Telltale signs of the spring survey
By Doreen Leggett
A 44-foot wide bottom trawl net went into the water time and again, bringing up a narrow slice of ocean life in hundreds of spots across the North Atlantic, much as it has done for close to 60 years.
Jon Hare, science and research director of the Northeast Fisheries Science Center, went up to the bow of the research vessel Henry B. Bigelow and saw nothing but vast ocean and an enormous blood-red moon.
“Looking out you feel the expanse,” Hare said.
Hare, a PhD in oceanography, is moved by the breadth of the ocean, but he knows it is not limitless. The work he and his team do is designed to better understand those limits.
“We can’t say exactly how many fish there are in the sea,” Hare said, but they try to get the best information possible to feed into a regulatory framework to manage an historic industry and guide countless business plans, small and large.
“Strong science leads to effective management,” he wrote in a blog about his trip. “The Northeast U.S. ecosystem is one of the best studied ecosystems in the world and at our center, we intend to keep it this way.”
In this most recent survey, among thousands of samples collected from more than 180 species, they took approximately:
- 9,000 age samples
• 6,000 stomach samples
• 10,000 sex and maturity determinations
• 900 energy content samples
Hare was on the third and last survey trip the Henry B. Bigelow takes each spring (except for last year on account of the pandemic). The spring bottom trawl survey is one of many research initiatives (including marine mammal and habitat surveys, and ecosystem monitoring) the 209 -foot research vessel undertakes. The ship, commissioned in 2007, also has a multibeam echo sounder, one of three of its type in the world, to study fish and plankton biomass.
As director, Hare typically doesn’t go on research trips anymore, but he wanted to reinforce to his staff and others the work’s importance.
“I’d get up at 6 a.m. to do director-type work until 11:30, and then work the watch noon to midnight,” he said.
Each time the trawl gear rises to the deck, the fish are sorted into species and a subset are weighed.
“We had a fair number of dogfish, which shouldn’t be a surprise,” Hare said.
Haddock were common, red and spotted hake also brought up, and (likely a testament to climate change) butterfish were seen farther north than in the past.
“The strength of these tows is that they are standard across the region and over time,” Hare said, creating a scientific common denominator.
Ilex, or short-finned squid, were seen in the Gulf of Maine, also unusual.
John Pappalardo, chief executive officer of the Fishermen’s Alliance, wondered what the presence of the voracious predatory squid, which in turn is prey to many larger fish, may mean to the productive ecosystem of the Gulf of Maine. Information from the survey feeds into larger discussions.
“It’s a critical survey for the management of our natural resources,” said Papplardo, who serves on the federal New England Fishery Management Council.
The research vessel, and others of its kind, is not without controversy. There have been concerns about the predictive reliability of data from the Bigelow, as well as data fishermen submit or that’s taken by observers. A new rule that strengthens accountability in the industry has recently gone into effect which should improve that data stream.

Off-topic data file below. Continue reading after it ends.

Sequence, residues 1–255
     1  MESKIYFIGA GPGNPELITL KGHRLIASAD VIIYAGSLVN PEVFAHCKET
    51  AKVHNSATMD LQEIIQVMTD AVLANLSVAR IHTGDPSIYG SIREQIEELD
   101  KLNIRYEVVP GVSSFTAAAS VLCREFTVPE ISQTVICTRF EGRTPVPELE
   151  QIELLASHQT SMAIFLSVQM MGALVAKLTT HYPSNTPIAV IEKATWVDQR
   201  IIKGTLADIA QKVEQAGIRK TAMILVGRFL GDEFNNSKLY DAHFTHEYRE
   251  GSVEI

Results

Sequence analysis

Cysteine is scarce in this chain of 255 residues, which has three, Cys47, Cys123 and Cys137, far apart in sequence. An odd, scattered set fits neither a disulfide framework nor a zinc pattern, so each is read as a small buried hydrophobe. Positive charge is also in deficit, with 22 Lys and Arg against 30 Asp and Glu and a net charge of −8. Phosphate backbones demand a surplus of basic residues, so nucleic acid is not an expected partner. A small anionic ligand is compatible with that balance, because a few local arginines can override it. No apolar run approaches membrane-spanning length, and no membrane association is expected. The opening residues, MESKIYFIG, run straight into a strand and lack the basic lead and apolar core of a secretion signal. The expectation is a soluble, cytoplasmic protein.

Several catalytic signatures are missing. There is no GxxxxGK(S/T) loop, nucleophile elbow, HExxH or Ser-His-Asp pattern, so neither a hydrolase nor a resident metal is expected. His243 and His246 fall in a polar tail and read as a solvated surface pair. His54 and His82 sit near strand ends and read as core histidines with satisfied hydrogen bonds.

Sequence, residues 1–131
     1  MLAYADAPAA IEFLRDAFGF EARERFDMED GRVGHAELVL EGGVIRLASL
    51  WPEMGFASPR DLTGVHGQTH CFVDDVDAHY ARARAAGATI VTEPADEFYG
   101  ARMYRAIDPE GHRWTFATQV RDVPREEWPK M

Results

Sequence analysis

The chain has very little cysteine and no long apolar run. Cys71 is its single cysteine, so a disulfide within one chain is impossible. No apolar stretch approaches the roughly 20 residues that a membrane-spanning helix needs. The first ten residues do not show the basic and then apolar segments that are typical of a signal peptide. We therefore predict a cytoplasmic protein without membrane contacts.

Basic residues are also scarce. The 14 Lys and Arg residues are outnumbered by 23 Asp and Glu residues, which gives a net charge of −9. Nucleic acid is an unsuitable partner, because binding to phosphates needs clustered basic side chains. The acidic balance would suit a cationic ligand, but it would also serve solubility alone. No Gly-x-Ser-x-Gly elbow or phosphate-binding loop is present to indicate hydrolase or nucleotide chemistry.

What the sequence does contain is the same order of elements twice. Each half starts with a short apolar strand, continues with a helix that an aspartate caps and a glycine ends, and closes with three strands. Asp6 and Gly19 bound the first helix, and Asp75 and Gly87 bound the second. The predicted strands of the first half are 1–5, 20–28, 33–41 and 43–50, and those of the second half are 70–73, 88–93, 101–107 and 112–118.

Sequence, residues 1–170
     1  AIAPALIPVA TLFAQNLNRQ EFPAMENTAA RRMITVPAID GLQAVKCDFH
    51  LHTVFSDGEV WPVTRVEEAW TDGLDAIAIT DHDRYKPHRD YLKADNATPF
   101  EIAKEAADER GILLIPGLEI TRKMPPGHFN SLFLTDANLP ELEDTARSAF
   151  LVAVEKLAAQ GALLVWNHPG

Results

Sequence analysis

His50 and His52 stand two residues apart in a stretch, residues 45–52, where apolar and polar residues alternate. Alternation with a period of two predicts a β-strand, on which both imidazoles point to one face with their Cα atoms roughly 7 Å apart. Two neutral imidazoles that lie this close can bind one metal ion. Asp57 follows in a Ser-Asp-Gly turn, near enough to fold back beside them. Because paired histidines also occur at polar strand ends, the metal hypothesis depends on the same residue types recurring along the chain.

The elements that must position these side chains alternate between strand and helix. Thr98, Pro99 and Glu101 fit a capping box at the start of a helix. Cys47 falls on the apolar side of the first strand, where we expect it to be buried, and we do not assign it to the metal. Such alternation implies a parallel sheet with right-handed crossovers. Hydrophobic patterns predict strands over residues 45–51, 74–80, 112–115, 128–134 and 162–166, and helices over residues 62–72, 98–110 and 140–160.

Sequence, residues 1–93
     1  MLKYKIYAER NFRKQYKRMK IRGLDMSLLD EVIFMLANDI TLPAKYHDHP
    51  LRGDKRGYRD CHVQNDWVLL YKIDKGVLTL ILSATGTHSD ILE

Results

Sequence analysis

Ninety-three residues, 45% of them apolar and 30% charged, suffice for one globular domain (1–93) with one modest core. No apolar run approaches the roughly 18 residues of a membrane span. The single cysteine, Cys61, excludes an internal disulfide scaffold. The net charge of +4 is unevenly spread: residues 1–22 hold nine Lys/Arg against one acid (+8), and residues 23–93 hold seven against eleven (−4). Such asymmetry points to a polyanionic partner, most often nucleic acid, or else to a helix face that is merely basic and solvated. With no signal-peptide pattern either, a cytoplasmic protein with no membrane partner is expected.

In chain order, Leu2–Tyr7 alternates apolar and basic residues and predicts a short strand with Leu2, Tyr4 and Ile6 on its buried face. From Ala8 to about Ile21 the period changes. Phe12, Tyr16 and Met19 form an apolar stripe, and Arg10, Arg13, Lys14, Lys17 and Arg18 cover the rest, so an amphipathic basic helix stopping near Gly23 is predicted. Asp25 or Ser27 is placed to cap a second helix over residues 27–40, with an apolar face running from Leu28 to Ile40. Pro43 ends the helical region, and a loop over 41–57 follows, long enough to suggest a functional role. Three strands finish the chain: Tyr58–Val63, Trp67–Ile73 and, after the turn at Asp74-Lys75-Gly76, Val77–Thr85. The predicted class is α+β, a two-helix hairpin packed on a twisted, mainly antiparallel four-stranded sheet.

Pappalardo said adding more industry-based surveys, similar to what occurs in Alaska, may help as well.
Over the past several years NOAA has modernized and improved its research vessels and practices, but more is needed, he added.
In the past, information such as the sex, weight, length and stomach contents were recorded by hand, thousands of entries that took months to process and make available to researchers.
That has changed. Now fish are sorted into barcoded baskets, buckets and pails, recorded into one enormous database. As samples move down conveyor belts to the crew for workup, they are pulled off the belt and passed over barcode scanners. The software then displays the species for confirmation and sampling begins. As physical samples are prepared a barcode printer at each sampling location prints a waterproof label for the bag or envelope. These samples are placed in a walk-in freezer or bins on the wall of a wet lab.
The technology reduces human error.
“That is really important in fisheries science,” said Pappalardo.
Researchers also collect specimens to aid in research done across the globe. For instance, on Hare’s trip sand lance was frozen to do genetic work and to compare the energy content of different forage species.
“It really serves as a resource for investigations across the country,” Hare said of the survey.
Two teams on the boat, about six people each, go through what the trawl brought up.
The teams were further split into two and the more experienced would dissect the fish, including removing otoliths, a bone in the ear used to age fish.
That wasn’t Hare.
“They did let me cut some fish,” Hare said with a smile. “It had been awhile.”
The excitement of learning about the ocean hasn’t gotten old.
“For me, every time the trawl comes up it’s like Christmas,” Hare said. “I loved it. I have always loved going to sea.”
He added they also came across the rare slender snipe eel, a skinny creature that feeds in the dark of the ocean. The specimen may be shared with the Smithsonian Institution.
Spencer Fullerton Baird founded the laboratory at Woods Hole 150 years ago, the first federal fisheries laboratory and the nation’s first marine research station. He also was the first curator of the Smithsonian.
“Baird really understood the importance of working with the fishing industry. He knew the place to start was to talk to people who work on the water,” Hare said, who 150 years later works out of the same place. “He took great interest in what they had to say, and that continues today.”